Checking in on the Man Asian Literary Prize
by Sal Robinson
The longlist for the 2012Â Man Asian Literary Prize was announced last Wednesday, and so now seems as good a time as any to look at, from the fairly selfish U.S. readerâ€™s perspective, how many of the authors and books nominated for the prize have a presence on the U.S. publishing scene, and whether thatâ€™s changed from past years.
This year the longlisters are:
Goat Daysâ€”Benyamin (India)
Between Clay and Dustâ€”Musharraf Ali Farooqi (Pakistan)
Another Countryâ€”Anjali Joseph (India)
The Briefcaseâ€”Hiromi Kawakami (Japan)
Thinner Than Skinâ€”Uzma Aslam Khan (Pakistan)
Ruâ€”Kim ThĂşy (Vietnam/Canada)
Black Flowerâ€”Young-Ha Kim (South Korea)
Island of a Thousand Mirrorsâ€”Nayomi Munaweera (Sri Lanka)
Silent Houseâ€”Orhan Pamuk (Turkey)
Honourâ€”Elif Shafak (Turkey)
Northern Girlsâ€”Sheng Kevi (China)
The Garden of Evening Mistsâ€”Tan Twan Eng (Malaysia)
The Road to Urbinoâ€”Roma Tearne (Sri Lanka/UK)
Narcopolisâ€”Jeet Thayil (India)
The Bathing Womenâ€”Tie Ning (China)
A quick-and-dirty entirely individual mental rummaging through the titles and names indicates that things are looking good: Pamuk, of course, is Pamuk, but Hiromi Kawakami, Young-Ha Kim, Elif Shafak, and Uzma Aslam Khan have U.S. publishers dedicated to their work, and all have multiple books out here; Tan Twan Eng and Jeet Thayil have been burning up the reviews pages with their early novels; and Musharraf Ali Farooqi is coming off his monumental Modern Library translation of the Adventures of Amir Hamza with a new novel of his own about a family of wrestlers.
How does this compare to other years? In 2011 — a year in which, weâ€™re proud to say, Melville had three titles on the longlist: Banana Yoshimotoâ€™s The Lake, Mahmoud Dowlatabaiâ€™s The Colonel, and Tarun Tejpalâ€™s The Valley of Masks (coming soon) — the list was similarly full of solidly established writers — Amitav Ghosh, Haruki Murakami — and newer entrants whoâ€™ve secured firm places for themselves: Kyung-Sook Shin, with her bestseller Please Look After Mom, Yan Liankeâ€™s acclaimed Dream of Din Village, Tahmima Anamâ€™s second volume in her Bengal Trilogy, The Good Muslim, and Rahul Bhattacharyaâ€™s The Sly Company of People Who Care, which is rounding out the â€ścricket novelsâ€ť category that Joseph Oâ€™Neillâ€™s Netherland and Shehan Karunatilakaâ€™s The Legend of Pradeep Mathew have ably initiated in recent years.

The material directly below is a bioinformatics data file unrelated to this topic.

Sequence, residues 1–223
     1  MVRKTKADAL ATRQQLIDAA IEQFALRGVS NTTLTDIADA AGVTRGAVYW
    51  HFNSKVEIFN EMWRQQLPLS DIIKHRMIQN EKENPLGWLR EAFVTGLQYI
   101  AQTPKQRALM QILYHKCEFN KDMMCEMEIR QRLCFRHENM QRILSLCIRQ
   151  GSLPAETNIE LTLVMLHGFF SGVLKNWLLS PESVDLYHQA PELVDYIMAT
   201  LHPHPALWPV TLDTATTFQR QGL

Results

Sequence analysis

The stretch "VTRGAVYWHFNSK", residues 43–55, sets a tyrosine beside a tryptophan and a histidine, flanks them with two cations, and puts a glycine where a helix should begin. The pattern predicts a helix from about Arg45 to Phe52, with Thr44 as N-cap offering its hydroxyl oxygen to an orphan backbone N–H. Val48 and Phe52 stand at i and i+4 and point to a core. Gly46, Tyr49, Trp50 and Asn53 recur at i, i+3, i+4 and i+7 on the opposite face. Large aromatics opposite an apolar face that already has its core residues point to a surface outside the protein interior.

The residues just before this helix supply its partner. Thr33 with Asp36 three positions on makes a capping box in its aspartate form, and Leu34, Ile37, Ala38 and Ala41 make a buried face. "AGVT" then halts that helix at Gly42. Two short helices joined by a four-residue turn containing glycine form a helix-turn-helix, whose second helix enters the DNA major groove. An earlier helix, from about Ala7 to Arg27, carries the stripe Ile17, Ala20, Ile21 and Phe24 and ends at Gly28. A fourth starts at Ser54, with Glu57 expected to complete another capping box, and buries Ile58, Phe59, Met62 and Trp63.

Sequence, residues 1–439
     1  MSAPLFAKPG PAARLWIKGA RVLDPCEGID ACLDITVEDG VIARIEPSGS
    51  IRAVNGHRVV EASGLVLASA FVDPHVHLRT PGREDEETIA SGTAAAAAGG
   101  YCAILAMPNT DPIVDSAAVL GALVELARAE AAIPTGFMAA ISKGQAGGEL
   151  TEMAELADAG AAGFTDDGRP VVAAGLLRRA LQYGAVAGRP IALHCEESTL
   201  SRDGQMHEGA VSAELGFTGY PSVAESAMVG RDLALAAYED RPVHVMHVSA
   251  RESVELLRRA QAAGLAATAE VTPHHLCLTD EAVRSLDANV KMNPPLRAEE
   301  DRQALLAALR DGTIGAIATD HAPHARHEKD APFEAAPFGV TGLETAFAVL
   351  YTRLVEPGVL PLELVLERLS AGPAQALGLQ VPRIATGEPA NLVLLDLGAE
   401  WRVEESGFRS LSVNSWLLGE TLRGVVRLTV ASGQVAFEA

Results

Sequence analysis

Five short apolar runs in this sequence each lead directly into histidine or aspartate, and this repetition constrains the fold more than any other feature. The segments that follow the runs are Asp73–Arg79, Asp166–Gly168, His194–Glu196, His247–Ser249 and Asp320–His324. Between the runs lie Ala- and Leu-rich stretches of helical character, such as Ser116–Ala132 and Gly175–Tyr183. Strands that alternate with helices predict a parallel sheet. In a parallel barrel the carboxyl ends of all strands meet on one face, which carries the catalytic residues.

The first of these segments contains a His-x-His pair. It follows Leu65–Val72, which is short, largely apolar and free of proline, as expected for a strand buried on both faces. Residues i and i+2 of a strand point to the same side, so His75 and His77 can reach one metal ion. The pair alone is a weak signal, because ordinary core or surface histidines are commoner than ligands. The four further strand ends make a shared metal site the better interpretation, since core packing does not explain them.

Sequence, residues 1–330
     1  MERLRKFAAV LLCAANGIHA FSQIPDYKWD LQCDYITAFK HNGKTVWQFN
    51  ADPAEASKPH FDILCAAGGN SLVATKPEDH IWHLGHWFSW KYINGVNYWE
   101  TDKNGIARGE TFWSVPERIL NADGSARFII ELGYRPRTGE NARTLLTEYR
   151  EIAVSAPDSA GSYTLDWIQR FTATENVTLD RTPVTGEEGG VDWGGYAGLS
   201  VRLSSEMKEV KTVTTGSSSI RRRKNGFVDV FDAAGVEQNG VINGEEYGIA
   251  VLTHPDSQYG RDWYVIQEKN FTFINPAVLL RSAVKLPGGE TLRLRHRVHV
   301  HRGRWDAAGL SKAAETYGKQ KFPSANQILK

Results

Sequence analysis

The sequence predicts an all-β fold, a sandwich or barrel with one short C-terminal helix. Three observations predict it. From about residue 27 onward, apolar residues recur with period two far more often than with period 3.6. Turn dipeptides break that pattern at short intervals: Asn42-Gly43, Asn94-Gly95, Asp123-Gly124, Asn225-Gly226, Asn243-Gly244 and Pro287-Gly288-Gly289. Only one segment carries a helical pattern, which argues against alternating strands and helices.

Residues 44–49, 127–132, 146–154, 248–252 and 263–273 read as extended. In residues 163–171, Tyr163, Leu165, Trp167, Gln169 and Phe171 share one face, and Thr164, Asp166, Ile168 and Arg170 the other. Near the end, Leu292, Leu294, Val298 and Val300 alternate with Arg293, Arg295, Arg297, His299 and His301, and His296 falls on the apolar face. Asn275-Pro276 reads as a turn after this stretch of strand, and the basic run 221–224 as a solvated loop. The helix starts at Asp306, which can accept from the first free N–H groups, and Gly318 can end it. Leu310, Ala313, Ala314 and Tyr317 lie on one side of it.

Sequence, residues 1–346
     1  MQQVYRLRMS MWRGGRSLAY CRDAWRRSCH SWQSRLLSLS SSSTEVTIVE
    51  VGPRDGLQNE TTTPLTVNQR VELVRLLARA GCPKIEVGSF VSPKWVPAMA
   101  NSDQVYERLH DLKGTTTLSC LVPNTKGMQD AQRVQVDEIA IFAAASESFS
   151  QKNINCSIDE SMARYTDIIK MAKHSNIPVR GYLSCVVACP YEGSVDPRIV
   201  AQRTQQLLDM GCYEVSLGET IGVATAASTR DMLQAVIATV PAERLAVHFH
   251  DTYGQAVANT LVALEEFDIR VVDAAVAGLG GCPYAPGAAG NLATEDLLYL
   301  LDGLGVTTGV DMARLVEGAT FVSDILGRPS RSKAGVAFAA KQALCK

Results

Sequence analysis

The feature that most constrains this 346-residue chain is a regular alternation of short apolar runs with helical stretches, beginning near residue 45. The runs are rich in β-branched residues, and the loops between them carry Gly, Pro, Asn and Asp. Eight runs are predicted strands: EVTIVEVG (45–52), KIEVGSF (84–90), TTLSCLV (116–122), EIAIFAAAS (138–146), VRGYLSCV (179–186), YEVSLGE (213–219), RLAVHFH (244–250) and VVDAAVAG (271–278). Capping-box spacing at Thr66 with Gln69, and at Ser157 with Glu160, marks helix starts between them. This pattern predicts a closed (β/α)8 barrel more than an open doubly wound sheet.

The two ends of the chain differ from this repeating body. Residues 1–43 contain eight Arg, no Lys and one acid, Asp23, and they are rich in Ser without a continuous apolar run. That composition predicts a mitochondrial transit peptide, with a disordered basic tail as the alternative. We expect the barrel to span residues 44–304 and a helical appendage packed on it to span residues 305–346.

The longlist is shorter and less encouraging in 2010: Kenzaburo Oe and Yoko Ogawa are the big shots; Tabish Khair, Bi Feiyu and Manu Joseph have a foothold in U.S. publishing, and the rest are unknown to me. The nominees on the 2009 longlist ring no bells; ditto the nominees in 2008, with the exception of the eventual winner, Miguel Syjuco‘s Ilustrado.
In 2007, the year the prize was first given out, the longlist was extra long and on it, the familiar names are Xiaolu Guo (only a little familiar), Jiang Rong (for Wolf Totem, which won), and aÂ little someone named … Mo Yan.
Success in the West for the writers so honoredÂ need not be the aim of the award. But if it’s part of the intent behind it — and I suspect that it is, because one of the qualifications is that all books to be considered for itÂ must either have been written in English or translated into English — then the Man Asian Literary Prize is clearly on the right track: both the winners and the nominees are benefiting. (And forÂ a different perspective on it all,Â you can alsoÂ go over toÂ the excellent ShadowÂ Man AsianÂ Prize.)Â Which makes it all the more disappointing that the Man Group has pulled out their sponsorship, after this year,Â and the prize is now looking for a new sponsor. Let’s hope that, like the former Orange Prize, it finds one.
Sal Robinson is an editor at Melville House, and co-founder of the Bridge Series, a reading series focused on translation.